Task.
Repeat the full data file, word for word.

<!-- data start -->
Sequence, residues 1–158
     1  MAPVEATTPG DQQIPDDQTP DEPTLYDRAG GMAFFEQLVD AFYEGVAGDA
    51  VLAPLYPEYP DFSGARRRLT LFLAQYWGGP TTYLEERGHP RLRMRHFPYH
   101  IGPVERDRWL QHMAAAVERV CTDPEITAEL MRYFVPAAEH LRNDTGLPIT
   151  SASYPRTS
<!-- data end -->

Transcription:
Sequence, residues 1–158
     1  MAPVEATTPG DQQIPDDQTP DEPTLYDRAG GMAFFEQLVD AFYEGVAGDA
    51  VLAPLYPEYP DFSGARRRLT LFLAQYWGGP TTYLEERGHP RLRMRHFPYH
   101  IGPVERDRWL QHMAAAVERV CTDPEITAEL MRYFVPAAEH LRNDTGLPIT
   151  SASYPRTS